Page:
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The World in Medicine |

In Vitro Fertilization

Joan Stephenson, PhD
JAMA. 2008;299(23):2737. doi:10.1001/jama.299.23.2737-c.
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Scientists in Australia and Greece have used a novel combination of molecular techniques that may help researchers identify human embryos produced in vitro that are likely to be “developmentally competent” (Jones GM et al. Hum Reprod. 10.1093/humrep/den123 [published online ahead of print May 13, 2008]).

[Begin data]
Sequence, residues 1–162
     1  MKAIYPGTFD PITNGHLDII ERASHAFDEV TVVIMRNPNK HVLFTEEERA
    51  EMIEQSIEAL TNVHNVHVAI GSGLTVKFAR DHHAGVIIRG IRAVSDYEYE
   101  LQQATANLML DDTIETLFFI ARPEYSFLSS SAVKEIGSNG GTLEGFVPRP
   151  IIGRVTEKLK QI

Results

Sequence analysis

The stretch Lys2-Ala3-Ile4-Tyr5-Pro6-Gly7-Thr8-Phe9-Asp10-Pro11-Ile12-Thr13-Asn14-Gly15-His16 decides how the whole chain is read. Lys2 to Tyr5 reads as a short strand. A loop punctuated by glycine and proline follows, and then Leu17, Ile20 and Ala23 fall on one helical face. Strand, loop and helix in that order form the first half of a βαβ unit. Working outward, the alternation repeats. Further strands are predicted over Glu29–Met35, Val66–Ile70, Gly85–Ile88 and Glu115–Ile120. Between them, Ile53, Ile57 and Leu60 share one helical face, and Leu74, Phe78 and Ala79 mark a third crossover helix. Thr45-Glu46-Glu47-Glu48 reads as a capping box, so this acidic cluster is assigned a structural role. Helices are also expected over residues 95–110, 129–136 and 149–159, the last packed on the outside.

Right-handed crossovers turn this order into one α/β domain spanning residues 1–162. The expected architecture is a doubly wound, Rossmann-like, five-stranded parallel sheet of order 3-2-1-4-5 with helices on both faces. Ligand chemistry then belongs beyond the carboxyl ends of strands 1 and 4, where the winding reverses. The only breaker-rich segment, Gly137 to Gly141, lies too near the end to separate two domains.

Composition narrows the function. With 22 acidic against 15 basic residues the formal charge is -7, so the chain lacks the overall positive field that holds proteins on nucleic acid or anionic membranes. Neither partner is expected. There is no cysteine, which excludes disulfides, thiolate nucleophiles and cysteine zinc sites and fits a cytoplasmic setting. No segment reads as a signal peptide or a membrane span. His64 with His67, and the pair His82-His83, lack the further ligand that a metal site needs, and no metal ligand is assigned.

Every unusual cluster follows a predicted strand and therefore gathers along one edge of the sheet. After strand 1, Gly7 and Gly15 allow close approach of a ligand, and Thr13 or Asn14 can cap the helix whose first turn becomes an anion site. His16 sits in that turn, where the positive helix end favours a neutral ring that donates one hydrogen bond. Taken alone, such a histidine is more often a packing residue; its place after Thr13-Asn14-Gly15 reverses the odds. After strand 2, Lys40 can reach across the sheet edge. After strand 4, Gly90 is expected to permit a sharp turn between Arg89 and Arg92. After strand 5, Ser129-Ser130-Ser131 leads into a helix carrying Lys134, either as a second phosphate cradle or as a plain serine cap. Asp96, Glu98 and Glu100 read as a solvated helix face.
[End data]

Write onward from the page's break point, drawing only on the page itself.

In their study, which involved 48 women undergoing fertility treatment, the researchers removed 8 to 20 cells from early embryos (blastocysts) and subsequently implanted at least 1 blastocyst in each of the women. DNA fingerprinting of the blastocysts and of cells from the resultant infants allowed the researchers to determine which of the embryos had successfully implanted and developed. The investigators also used microarray analysis to compare patterns of gene expression in cells removed before implantation of the viable vs nonviable embryos; some genes, including genes involved in cell adhesion and cell communication, were expressed exclusively in the viable blastocysts.

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